CF: “I don’t think trust is what I gain right off from my appearance, but I do think people are more intrigued when they find out I’m a pastor. At first they don’t believe it, and then it strikes their curiosity and they want to see what type of pastor I am.”

TCA: “I notice you have what looks like some sort of flag tattooed on your arm. What does it symbolize?”

CF: “The tattoo is of black stripes representing sin fading into the red stripes of Christ’s blood. It was inspired from Isaiah 53:5 ‘…by His stripes we are healed.’ It is by His stripes we have freedom. Hence, why it resembles a flag.”

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TCA: “Have you ever personally struggled with addictions?”

CF: “There’s not one person who hasn’t struggled with some sort of addiction. Addictions are not just chemically dependent there are also biological addictions. The biological addictions I’ve struggled with such as the approval of others or lust.”

TCA: “What is different about your addiction program when compared to Alcoholics Anonymous or Narcotics Anonymous?”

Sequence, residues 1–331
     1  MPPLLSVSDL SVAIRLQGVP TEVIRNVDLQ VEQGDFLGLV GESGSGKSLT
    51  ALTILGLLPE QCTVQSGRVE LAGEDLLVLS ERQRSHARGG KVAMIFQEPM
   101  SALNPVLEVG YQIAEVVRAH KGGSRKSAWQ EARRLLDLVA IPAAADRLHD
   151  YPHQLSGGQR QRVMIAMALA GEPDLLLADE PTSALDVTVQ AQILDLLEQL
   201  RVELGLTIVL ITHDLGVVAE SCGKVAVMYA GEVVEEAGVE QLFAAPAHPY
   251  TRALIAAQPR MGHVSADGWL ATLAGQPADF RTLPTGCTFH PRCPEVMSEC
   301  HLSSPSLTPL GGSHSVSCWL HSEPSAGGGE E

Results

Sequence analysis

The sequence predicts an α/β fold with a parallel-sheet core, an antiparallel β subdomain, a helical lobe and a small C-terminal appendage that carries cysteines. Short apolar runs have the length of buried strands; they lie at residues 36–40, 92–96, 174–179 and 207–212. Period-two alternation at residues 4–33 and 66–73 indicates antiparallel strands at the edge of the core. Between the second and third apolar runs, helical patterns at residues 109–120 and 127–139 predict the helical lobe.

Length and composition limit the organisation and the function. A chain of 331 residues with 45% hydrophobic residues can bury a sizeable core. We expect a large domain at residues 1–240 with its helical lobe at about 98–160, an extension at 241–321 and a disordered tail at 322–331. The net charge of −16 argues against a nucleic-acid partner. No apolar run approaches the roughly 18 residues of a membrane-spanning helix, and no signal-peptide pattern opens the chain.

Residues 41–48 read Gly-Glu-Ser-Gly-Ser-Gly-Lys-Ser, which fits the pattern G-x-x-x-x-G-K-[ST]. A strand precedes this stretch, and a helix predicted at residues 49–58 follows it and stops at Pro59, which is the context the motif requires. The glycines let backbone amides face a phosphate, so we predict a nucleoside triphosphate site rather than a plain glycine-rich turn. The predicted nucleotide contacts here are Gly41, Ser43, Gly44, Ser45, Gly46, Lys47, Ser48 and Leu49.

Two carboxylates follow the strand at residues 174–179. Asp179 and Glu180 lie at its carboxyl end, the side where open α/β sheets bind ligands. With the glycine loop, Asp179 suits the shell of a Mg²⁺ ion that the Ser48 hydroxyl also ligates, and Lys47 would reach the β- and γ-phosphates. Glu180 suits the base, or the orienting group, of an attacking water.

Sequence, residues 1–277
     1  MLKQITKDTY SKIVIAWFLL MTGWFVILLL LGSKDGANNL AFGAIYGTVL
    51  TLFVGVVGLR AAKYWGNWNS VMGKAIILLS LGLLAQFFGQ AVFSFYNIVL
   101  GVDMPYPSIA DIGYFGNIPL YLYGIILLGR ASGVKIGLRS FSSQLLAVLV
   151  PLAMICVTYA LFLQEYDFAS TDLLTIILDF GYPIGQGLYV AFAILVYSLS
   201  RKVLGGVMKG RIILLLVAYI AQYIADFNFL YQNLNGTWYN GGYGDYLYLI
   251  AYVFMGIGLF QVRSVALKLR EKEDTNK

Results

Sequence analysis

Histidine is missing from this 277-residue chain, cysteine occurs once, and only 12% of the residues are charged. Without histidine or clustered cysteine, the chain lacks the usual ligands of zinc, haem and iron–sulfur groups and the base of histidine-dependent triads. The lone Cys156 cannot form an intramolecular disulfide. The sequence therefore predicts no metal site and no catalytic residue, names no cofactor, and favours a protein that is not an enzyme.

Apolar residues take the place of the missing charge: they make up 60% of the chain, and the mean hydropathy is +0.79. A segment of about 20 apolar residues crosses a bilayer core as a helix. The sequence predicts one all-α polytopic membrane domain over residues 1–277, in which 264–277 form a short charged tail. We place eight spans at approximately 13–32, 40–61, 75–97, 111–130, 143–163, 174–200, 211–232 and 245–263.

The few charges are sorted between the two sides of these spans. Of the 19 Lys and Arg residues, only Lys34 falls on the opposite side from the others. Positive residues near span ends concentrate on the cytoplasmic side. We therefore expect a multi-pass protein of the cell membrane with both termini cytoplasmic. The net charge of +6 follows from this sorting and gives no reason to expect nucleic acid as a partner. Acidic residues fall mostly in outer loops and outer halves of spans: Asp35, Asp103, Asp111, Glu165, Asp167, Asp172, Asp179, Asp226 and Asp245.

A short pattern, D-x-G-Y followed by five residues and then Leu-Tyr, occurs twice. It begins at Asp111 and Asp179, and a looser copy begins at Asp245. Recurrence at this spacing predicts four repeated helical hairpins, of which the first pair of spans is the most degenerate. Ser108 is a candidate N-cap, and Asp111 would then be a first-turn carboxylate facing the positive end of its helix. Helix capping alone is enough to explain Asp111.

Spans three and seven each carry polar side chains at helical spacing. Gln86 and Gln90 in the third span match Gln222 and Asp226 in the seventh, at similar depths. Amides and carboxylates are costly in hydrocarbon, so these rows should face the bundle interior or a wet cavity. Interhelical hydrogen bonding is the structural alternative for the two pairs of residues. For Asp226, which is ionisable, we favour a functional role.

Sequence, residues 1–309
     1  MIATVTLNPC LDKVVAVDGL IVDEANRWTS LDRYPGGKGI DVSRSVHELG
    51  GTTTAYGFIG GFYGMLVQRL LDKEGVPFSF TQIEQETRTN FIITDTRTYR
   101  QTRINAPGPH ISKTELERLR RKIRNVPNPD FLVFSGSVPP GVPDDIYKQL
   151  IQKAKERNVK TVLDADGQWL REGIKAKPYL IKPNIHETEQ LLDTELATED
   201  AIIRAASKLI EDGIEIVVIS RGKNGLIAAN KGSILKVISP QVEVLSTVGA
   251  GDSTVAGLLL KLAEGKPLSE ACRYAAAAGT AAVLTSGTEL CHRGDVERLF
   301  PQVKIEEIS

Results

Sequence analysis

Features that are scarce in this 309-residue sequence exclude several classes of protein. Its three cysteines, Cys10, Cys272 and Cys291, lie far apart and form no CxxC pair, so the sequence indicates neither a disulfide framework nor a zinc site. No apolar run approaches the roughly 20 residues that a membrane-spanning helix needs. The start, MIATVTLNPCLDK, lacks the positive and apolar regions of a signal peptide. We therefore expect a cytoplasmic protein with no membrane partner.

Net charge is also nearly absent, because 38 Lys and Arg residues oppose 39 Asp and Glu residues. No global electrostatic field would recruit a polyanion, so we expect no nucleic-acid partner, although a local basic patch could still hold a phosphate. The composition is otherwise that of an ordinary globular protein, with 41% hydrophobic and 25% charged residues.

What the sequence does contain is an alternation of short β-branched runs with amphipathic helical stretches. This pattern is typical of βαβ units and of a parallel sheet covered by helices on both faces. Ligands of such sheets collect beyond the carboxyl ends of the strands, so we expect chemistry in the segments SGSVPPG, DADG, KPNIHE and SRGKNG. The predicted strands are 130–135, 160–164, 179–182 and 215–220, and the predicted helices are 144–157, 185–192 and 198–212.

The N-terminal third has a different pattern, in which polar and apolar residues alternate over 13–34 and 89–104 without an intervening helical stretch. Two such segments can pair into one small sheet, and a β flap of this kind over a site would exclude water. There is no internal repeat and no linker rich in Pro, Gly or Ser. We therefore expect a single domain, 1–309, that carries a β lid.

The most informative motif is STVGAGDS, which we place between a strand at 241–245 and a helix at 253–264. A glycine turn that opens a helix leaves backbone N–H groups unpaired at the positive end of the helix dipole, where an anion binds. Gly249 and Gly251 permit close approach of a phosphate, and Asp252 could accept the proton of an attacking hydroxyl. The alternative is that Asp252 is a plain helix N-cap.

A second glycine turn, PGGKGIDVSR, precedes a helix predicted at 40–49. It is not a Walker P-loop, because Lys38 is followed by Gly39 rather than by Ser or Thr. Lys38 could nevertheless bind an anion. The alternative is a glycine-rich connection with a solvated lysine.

CF: “The first difference is our program is of course Biblically based. It introduces others to Christ. Another pitfall for AA or NA is people aren’t addicted to substances as they’re addicted to self-medicating what they can’t heal. Substances just happens to be the tool by which they choose to self-medicate. This is where AA and NA go wrong, they put all the focus on the whatand very little on thewhy.”

TCA: “You’ve stated in order to overcome any addiction one must change their mindset from I can’tto I chose not to. Can you explain that?”

CF: “There’s a difference between shall notand cannot. God told Adam and Eve in the Garden of Eden “Thou shall not eat.” He didn’t tell them they cannot eat. He warned them of the consequences of eating the fruit and left it open to their free will. When you live in the conflict of can’t, you put yourself into a prison which is in complete violation of free will. What is the purpose of free will? I am free to do what I want to do, but not everything I am free to do is good. If you try to imprison me, my nature is I’m going to try to find a way to escape. You immediately place someone in bondage when you tell them they can’t do something. When you do that you are placing your belief system on them. You want to create an environment to help someone choose what’s best and give them the freedom to choose that best.”